While we’re at it, here’s our gentle reminder that you should always wear gloves when you prune your houseplants and always wash your hands thoroughly once you’re done with this job.


What you should look for

Micro-snips are better for small plants because they’re easier to wield and don’t take up a lot of space. If you have large plants (such as a fiddle leaf fig tree), you will probably need to go for something more heavy-duty, such as gardening shears or pruning scissors.


The handle and the blades should be sterilized with rubbing alcohol before moving from one houseplant to another, in order to prevent cross-contamination.



A Hori Hori knife

Why you need it

A what now? A Hori Hori is a Japanese garden knife. The name is roughly translated as “dig dig” as “hori” is the word for “ditch” or “moat” in Japanese. The double-sided blade is shovel-shaped, so the knife becomes a multifunctional tool for both outdoor and indoor use.


Although this tool is generally more useful in an outdoor garden, you’ll need it indoors too if you’re growing hardy and fibrous houseplants that must be divided with a clean cut. So if you’re growing Snake Plants, Scheffleras, Begonias, or Peace lilies, a Hori Hori knife is a very useful tool to have handy.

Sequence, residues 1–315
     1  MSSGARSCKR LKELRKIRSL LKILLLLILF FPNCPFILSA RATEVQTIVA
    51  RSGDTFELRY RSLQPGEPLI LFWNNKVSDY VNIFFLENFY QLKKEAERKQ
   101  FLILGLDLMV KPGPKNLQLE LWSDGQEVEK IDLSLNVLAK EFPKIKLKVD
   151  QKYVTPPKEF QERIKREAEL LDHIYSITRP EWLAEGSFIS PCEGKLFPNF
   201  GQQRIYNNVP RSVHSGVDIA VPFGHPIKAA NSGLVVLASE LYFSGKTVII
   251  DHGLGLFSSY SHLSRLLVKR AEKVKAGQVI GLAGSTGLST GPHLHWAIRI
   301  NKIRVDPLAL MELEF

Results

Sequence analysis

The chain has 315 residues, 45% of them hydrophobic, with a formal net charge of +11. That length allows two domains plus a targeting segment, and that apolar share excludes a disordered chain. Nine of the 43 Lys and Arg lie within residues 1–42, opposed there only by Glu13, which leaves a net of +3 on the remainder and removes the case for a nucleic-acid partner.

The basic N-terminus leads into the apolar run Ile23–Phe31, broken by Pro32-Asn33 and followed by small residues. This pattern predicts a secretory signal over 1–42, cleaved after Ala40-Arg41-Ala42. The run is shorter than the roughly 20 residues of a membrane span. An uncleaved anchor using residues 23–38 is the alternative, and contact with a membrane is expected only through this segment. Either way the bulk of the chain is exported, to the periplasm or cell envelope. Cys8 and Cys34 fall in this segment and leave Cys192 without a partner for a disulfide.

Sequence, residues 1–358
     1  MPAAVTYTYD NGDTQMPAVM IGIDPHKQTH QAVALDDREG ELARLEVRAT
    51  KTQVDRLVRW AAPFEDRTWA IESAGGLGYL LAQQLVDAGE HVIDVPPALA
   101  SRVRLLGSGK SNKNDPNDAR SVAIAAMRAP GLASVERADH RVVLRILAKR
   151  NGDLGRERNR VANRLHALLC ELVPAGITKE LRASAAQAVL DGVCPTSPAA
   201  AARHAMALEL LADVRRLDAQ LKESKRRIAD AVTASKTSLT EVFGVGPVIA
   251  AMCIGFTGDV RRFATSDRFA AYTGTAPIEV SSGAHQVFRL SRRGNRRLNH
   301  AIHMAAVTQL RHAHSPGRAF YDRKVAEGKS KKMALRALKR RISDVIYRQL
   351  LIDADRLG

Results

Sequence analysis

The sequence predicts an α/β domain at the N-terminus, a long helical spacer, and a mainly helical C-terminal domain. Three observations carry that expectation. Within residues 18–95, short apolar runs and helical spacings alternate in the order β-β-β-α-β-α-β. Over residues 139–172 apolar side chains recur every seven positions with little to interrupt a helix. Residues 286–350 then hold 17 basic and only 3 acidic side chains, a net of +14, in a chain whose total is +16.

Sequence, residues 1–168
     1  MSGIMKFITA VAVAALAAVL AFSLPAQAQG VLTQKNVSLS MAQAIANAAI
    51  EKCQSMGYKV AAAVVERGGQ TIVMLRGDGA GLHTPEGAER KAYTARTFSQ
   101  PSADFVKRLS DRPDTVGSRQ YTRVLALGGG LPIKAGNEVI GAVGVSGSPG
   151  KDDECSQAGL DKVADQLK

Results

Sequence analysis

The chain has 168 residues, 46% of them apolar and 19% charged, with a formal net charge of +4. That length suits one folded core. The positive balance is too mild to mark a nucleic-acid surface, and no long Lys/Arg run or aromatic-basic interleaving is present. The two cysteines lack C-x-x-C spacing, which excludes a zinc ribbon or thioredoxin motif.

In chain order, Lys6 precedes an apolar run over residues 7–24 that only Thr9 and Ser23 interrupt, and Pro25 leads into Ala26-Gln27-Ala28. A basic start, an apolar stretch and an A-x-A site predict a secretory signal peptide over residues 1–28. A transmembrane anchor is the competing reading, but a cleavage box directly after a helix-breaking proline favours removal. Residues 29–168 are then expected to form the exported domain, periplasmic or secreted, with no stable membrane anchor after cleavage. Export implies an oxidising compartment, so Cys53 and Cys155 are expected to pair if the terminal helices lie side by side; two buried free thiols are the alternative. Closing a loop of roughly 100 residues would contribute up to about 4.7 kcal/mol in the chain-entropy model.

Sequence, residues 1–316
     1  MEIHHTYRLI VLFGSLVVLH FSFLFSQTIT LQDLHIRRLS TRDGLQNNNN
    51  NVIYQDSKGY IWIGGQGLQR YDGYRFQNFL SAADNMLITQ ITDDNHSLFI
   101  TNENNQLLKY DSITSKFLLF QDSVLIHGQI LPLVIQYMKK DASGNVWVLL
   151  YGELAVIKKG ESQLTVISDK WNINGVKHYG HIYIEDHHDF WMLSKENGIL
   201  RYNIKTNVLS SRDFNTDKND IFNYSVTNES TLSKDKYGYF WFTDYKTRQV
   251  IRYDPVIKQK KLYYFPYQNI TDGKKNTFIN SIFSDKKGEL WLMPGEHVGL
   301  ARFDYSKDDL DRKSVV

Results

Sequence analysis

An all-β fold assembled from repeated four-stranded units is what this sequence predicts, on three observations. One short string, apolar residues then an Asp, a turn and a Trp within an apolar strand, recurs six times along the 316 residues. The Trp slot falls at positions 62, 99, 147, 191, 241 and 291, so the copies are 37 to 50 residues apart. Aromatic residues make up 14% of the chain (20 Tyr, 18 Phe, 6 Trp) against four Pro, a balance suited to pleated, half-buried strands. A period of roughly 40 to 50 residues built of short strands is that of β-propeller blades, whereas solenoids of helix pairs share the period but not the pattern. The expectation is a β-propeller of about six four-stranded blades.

What you should look for

Look for knives made in Japan out of genuine Japanese stainless steel. A genuine Hori Hori knife will have inch markings on the blade to help you plant at the just the right depth. This is a very sharp tool, so be very careful when you use the Hori Hori and store it out of the reach of children.



A moisture meter

Why you need it

Around these parts, we write a lot about best practices to make sure you’re watering your houseplants properly. And we know that houseplants are very susceptible to problems caused by overwatering - with root rot being one of the main causes of unhappy plants.


But the truth is that it’s hard to give recommendations because every household environment is different in terms of light, temperature, moisture, drafts, and even the potting soil available.


That’s why the best way to gauge how often your houseplants need water is by using a moisture meter. It’s a relatively affordable tool that you can reuse over and over again until you learn what your plants like in different seasons and under various conditions.


A moisture meter is especially helpful during the fall and winter months when plant parents tend to overwater their plants.


What you should look for

You can buy a simple moisture meter from any big box store. But if you’re really committed to keeping healthy houseplants, look for a 3-in-1 combo, which also measures the intensity of the light around your plant and the PH-level of the soil.


There’s no need to go out and buy everything the second you acquire your first houseplant. But don’t wait too long either - choosing the right tool will make life easier in the long run, and all of the tools we recommended above are very affordable!